Free Press sports writer Dave Birkett breaks down the Detroit Lions’ 48-45 loss to the Seattle Seahawks, and looks at players and coaches who helped and hurt their stock Sunday at Ford Field.
TE T.J. Hockenson: The forgotten man in the Lions’ offense the first three games, Hockenson had a huge day Sunday with eight catches for 179 yards and two touchdowns. His biggest play was an 81-yard catch, when he broke two tackles to turn a short crossing route into a career-long gain. Hockenson appeared frustrated and out of sync with Jared Goff early this season, but Sunday proved he remains one of the best receiving tight ends in the NFL and should get paid accordingly.
WR Josh Reynolds: Reynolds has revitalized his career since being thrown to the curb midway through last season with the Tennessee Titans. He didn’t have numbers quite on par with Hockenson on Sunday, but on a day when the Lions played without Amon-Ra St. Brown and DJ Chark, Reynolds had seven catches for 81 yards and a touchdown and got good separation on most of his routes. “I trust him,” Goff said. “I trust him a lot and we’re on the same page and our communication is great and he’s playing as confident as I’ve ever seen him. He’s strong, he’s physical. He can win versus anybody right now, and he’s a guy that we trust a lot.”
LB Malcolm Rodriguez: The Lions did not do much right defensively Sunday, but the rookie continues to look advanced beyond his years at linebacker. The sixth-round pick had 10 tackles, including one for loss, when he was quick to diagnose a screen pass to Kenneth Walker III, and he had a quarterback pressure that led to an intentional grounding penalty. On special teams, Rodriguez forced a fumble to set up a Lions touchdown. He missed a few snaps with an apparent shoulder injury that will be re-evaluated Monday, but Rodriguez remains a bright spot on an otherwise desolate defense.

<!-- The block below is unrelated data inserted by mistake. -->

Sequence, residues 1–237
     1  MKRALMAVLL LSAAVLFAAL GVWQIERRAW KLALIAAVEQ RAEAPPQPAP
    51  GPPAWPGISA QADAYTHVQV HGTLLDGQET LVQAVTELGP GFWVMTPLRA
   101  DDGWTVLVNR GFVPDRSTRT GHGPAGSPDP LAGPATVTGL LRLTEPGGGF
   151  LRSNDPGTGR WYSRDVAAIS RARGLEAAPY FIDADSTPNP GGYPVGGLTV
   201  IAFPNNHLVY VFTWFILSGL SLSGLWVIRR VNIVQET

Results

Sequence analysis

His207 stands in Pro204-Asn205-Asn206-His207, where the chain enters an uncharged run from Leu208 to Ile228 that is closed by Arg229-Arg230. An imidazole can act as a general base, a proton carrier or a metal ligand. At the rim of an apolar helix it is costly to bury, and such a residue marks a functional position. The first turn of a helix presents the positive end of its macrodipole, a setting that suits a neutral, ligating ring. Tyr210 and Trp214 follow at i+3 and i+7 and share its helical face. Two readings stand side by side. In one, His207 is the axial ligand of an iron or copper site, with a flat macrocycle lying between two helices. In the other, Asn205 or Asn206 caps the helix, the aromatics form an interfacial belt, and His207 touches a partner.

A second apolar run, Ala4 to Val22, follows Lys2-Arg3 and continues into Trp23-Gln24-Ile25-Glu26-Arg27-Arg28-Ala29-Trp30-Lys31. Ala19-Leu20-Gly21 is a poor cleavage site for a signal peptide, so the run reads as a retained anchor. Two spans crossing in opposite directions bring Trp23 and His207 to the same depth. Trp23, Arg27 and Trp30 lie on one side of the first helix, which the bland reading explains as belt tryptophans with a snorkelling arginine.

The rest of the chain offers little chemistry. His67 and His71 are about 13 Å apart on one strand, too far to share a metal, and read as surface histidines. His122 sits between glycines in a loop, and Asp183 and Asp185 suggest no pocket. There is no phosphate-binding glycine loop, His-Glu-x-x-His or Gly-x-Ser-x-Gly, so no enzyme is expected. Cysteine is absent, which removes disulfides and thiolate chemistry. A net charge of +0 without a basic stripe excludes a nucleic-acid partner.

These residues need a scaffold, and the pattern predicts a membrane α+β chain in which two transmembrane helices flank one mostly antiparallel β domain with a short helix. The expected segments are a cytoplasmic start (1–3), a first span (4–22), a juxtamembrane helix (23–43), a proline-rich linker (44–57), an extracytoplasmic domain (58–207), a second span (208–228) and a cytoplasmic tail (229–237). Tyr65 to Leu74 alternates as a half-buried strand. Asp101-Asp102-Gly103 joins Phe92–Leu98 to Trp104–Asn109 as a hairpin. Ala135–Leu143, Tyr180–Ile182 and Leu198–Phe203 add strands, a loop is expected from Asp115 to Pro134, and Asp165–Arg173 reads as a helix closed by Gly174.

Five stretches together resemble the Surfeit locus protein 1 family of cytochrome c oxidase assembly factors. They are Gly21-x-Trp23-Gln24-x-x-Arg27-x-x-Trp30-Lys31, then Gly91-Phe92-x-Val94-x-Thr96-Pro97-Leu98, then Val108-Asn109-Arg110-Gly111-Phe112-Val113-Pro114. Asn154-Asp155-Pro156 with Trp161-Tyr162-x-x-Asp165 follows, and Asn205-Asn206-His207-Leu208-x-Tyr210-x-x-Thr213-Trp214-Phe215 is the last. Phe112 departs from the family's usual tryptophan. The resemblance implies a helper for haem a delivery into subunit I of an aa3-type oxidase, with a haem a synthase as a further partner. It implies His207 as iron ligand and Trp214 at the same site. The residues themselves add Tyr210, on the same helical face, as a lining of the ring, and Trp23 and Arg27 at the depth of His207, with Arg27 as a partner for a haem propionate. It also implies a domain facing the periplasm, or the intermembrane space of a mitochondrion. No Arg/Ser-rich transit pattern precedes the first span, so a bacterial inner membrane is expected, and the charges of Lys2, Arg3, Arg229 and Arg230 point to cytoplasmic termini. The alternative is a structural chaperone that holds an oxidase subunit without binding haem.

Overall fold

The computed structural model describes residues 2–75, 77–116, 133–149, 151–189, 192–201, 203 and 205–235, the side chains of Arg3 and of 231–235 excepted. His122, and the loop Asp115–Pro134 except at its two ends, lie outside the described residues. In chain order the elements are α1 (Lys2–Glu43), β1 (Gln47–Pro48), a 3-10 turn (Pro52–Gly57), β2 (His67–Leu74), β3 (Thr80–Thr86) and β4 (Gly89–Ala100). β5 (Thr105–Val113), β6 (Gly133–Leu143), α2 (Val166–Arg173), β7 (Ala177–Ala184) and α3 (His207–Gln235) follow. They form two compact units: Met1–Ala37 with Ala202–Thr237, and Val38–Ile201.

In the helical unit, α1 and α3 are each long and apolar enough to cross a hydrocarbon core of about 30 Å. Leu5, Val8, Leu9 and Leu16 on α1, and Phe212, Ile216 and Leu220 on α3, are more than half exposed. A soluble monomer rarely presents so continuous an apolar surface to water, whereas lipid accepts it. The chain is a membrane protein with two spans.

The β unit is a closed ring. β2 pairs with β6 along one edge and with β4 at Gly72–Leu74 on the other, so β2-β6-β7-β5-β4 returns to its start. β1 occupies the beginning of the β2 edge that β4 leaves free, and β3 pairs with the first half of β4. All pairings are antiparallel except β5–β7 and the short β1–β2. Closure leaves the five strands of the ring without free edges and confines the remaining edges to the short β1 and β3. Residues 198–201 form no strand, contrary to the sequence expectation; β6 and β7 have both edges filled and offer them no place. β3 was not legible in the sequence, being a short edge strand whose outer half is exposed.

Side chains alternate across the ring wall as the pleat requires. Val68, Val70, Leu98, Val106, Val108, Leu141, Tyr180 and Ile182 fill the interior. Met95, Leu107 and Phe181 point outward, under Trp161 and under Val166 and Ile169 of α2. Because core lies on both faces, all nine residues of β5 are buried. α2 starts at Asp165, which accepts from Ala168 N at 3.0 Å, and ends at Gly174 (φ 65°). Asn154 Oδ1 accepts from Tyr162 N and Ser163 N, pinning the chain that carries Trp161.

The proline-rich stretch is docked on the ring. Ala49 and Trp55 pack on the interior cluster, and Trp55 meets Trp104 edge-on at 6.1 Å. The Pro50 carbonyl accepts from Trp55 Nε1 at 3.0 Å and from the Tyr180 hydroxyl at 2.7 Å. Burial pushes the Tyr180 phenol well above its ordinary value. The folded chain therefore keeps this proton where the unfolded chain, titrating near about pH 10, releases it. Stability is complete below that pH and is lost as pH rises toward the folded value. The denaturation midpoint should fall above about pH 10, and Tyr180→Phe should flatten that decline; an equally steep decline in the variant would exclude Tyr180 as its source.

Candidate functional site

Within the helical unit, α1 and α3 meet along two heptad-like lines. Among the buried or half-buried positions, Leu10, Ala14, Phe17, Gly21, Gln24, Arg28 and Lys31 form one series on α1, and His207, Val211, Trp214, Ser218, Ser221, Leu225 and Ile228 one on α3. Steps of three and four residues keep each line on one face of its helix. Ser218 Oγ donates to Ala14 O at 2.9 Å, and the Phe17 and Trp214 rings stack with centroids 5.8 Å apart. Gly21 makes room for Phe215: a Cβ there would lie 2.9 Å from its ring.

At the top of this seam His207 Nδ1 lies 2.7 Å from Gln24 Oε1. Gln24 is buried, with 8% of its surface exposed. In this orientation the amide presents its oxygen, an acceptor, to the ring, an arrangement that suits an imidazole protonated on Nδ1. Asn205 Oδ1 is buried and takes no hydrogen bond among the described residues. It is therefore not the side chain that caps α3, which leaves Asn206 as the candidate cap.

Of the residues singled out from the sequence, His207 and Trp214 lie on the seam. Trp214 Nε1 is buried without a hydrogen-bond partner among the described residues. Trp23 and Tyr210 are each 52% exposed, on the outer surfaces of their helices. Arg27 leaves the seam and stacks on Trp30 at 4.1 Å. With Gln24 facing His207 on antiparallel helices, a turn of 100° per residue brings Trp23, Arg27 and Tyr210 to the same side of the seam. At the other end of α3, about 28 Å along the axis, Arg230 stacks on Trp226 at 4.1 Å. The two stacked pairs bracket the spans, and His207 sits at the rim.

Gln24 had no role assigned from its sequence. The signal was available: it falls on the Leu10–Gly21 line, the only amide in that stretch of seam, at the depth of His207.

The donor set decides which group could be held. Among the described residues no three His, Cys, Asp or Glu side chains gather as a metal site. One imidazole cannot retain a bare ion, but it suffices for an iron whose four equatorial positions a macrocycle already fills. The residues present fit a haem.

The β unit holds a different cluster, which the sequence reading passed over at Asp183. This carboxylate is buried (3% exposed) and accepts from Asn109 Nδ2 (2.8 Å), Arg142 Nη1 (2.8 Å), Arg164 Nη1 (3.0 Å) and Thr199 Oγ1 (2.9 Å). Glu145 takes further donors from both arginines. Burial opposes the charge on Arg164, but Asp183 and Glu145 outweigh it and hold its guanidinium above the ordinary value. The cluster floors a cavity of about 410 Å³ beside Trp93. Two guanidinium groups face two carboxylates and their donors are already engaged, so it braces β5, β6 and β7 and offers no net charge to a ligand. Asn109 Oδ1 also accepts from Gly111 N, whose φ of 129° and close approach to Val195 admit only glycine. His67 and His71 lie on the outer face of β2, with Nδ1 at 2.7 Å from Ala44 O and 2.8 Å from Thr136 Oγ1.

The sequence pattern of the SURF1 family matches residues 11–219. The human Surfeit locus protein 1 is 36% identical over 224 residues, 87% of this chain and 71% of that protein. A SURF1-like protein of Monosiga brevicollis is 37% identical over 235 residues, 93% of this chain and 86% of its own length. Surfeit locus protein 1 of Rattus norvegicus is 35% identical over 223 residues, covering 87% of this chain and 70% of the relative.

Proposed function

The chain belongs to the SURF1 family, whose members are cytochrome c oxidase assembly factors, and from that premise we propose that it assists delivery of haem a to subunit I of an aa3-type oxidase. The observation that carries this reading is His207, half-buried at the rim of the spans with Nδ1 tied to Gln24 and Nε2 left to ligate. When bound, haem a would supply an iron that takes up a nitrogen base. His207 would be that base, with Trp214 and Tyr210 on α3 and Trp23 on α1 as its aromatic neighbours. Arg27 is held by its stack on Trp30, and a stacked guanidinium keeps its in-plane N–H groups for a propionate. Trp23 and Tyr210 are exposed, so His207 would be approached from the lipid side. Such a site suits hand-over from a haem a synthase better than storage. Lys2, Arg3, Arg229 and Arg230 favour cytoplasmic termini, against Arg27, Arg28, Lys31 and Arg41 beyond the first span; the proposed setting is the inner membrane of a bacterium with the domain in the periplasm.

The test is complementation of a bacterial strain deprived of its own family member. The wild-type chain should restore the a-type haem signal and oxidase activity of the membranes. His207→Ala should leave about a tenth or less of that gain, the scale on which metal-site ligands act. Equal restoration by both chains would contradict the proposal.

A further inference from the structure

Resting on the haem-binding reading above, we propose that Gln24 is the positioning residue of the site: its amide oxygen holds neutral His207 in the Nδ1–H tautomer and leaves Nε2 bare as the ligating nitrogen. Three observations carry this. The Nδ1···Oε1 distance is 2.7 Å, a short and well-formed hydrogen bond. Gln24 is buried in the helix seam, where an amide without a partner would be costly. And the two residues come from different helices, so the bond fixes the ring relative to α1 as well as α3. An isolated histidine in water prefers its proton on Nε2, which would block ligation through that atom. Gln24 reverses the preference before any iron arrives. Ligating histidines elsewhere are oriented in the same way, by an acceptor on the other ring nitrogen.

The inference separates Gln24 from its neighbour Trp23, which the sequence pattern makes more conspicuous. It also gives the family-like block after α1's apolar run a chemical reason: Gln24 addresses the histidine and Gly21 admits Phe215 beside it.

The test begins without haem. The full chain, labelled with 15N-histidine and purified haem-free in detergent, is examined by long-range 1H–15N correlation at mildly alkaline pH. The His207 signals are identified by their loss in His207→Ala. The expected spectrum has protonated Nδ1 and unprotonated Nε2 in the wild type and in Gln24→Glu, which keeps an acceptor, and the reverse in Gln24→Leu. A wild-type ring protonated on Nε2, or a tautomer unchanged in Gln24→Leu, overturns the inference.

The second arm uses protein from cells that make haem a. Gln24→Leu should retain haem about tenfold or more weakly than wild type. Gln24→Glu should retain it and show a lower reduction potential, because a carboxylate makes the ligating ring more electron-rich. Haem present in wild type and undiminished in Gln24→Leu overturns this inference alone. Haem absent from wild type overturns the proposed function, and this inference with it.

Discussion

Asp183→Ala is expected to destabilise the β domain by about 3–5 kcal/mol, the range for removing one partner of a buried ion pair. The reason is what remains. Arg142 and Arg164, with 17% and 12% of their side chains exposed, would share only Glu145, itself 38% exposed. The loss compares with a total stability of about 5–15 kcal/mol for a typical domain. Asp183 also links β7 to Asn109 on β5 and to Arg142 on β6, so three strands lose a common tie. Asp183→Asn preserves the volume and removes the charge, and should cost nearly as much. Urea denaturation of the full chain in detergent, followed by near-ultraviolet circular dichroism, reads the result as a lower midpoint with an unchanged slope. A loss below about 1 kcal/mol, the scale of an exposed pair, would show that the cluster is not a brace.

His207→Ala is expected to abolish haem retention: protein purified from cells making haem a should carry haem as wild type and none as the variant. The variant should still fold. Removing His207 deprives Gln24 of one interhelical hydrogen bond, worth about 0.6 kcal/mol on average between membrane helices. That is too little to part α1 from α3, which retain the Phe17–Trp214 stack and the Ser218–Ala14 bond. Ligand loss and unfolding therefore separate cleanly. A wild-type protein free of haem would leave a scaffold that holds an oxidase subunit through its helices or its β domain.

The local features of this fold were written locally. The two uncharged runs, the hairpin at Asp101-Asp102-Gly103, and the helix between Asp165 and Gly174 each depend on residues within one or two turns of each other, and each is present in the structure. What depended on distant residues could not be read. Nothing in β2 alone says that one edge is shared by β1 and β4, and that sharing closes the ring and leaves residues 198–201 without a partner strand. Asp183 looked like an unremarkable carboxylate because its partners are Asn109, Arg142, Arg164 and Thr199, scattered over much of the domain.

DC Aaron Glenn: Glenn’s status as a rising coaching star has faded considerably in the first quarter of the season. The Lions are young and thin on defense, but they are allowing an unacceptable 35.3 points per game and there’s little reason so far to believe Glenn can fix the problems. The Lions have one or fewer sacks in three of their four games and they’ve allowed two 200-yard rushing games already this season. Glenn’s job does not appear to be in any danger, unlike former offensive coordinator Anthony Lynn midway through last year. But after interviewing for head coaching jobs in Denver and New Orleans last offseason, he’s trending towards being left off the coaching carousel come January.
K Dominik Eberle: Sounds weird to say after his struggles last week, but, boy, did the Lions miss Austin Seibert on Sunday. Eberle was signed off the practice squad Saturday to handle kicking duties and might be one-and-done in Detroit. He missed two extra points in the first half, putting the Lions in a hole early, and sent a kickoff out of bounds. Seibert is day-to-day with his groin injury, but the Lions should schedule kicker workouts for Tuesday just in case.
S Kerby Joseph: Joseph, who played sparingly on defense the first two weeks, got the surprise start at safety with Tracy Walker out for the season and looked unprepared for the job. The rookie third-round pick out of Illinois was beat by tight end Will Dissly down the seam for Seattle’s first touchdown, and left tight end Noah Fant open for a second Seattle score in the first half. Joseph, who finished with four tackles, including one open-field stop on DK Metcalf, gets a bit of a pass because he’s so inexperienced. But the Lions need him to mature quickly over the final three-quarters of the season if their defense is going to improve.